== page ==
Tangaroa made New Zealand bigger


Approved by the United Nations Commission on the Limits of the Continental Shelf, New Zealand was made sovereign over 1.7 million square kilometres of seafloor in addition to its control of the Territorial Zone and Exclusive Economic Zone.

These areas combined, including the Ross Dependency and the area of search and rescue responsibilities, mean New Zealand governs one of the largest maritime estates in the world, accounting for nearly 10 per cent of the world’s oceans.
Initiated to clarify rights to oil, gas and mineral resources, the UN approval of New Zealand’s proposal gave New Zealand exclusive rights to develop and manage resources in the acquired area. New Zealand was just the fourth country in the world to gain the UN’s rubber-stamp of its extended continental boundaries.

The new boundaries were the result of survey and research work that began in 1999 involving the Ministry of Foreign Affairs and Trade, Land Information New Zealand, the Institute of Geological and Nuclear Sciences, and NIWA.

RV Tangaroa's role

NIWA’s flagship research vessel, Tangaroa, played a pivotal role in obtaining much of the data and research that went into the successful proposal to the UN.

“Tangaroa provided that key information,” says NIWA General Manager of Research Dr Rob Murdoch.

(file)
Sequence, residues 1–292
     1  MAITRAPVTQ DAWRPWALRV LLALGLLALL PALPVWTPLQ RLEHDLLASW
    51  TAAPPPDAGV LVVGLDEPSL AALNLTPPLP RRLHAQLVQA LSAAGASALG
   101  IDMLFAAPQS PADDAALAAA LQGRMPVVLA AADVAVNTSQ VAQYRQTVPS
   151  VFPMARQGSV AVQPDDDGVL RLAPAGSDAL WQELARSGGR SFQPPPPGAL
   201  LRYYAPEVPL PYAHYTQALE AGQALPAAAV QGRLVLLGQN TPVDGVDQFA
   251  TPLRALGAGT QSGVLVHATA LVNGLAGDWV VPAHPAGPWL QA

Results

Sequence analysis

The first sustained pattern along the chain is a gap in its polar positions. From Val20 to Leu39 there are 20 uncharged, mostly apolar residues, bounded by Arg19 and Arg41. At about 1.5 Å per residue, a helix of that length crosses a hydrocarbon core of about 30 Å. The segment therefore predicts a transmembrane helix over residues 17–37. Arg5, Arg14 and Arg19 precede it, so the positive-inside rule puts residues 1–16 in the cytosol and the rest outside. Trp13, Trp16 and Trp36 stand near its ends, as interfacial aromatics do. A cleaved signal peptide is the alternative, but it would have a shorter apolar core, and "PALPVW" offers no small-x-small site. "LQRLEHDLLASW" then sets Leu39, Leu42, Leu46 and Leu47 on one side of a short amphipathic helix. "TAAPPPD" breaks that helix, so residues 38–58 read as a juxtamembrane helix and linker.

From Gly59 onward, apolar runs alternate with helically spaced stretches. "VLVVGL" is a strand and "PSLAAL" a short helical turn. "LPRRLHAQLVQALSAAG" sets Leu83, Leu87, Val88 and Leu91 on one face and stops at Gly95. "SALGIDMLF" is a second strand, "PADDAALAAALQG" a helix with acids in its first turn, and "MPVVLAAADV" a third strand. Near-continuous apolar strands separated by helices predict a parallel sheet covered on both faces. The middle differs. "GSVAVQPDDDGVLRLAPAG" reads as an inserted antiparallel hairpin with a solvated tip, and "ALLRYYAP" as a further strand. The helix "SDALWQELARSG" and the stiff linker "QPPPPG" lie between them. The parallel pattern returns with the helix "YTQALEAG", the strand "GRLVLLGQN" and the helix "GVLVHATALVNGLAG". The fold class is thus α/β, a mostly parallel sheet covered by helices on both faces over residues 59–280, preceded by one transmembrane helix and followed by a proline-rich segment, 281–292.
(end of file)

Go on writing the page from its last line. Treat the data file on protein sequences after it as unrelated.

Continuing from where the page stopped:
“There was a whole bunch of historical information, but Tangaroa did the remaining survey work to provide the data that enabled New Zealand to make the claim.

“It grew New Zealand’s area of jurisdiction by another 25 per cent, about 1.7 million square kilometres, with rights to manage any resources associated with the seabed only, not the water above it, as we do with the EEZ.”

Dr Murdoch said Tangaroa had obtained the seismic and multibeam data on multiple voyages, travelling a total of more than 30,000km.

“It was the only vessel that could’ve done that work – it was data that only we had the equipment and the vessel to gather.”

Note: This feature originally appeared in Water & Atmosphere, June 2016
Survey work carried out on the R.V. Tangaroa was pivotal in enabling New Zealand to make a claim to govern one of the largest maritime estates in the world.